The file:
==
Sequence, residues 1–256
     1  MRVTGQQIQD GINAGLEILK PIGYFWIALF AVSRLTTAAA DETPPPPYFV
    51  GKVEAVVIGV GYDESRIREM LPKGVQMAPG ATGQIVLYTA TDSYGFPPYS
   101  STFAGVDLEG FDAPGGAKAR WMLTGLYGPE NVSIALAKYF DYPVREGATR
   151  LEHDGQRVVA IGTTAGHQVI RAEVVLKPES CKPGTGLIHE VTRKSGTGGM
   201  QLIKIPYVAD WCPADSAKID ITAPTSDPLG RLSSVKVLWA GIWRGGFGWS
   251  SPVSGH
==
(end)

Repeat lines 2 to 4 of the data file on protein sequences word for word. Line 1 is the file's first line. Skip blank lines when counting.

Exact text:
     1  MRVTGQQIQD GINAGLEILK PIGYFWIALF AVSRLTTAAA DETPPPPYFV
    51  GKVEAVVIGV GYDESRIREM LPKGVQMAPG ATGQIVLYTA TDSYGFPPYS
   101  STFAGVDLEG FDAPGGAKAR WMLTGLYGPE NVSIALAKYF DYPVREGATR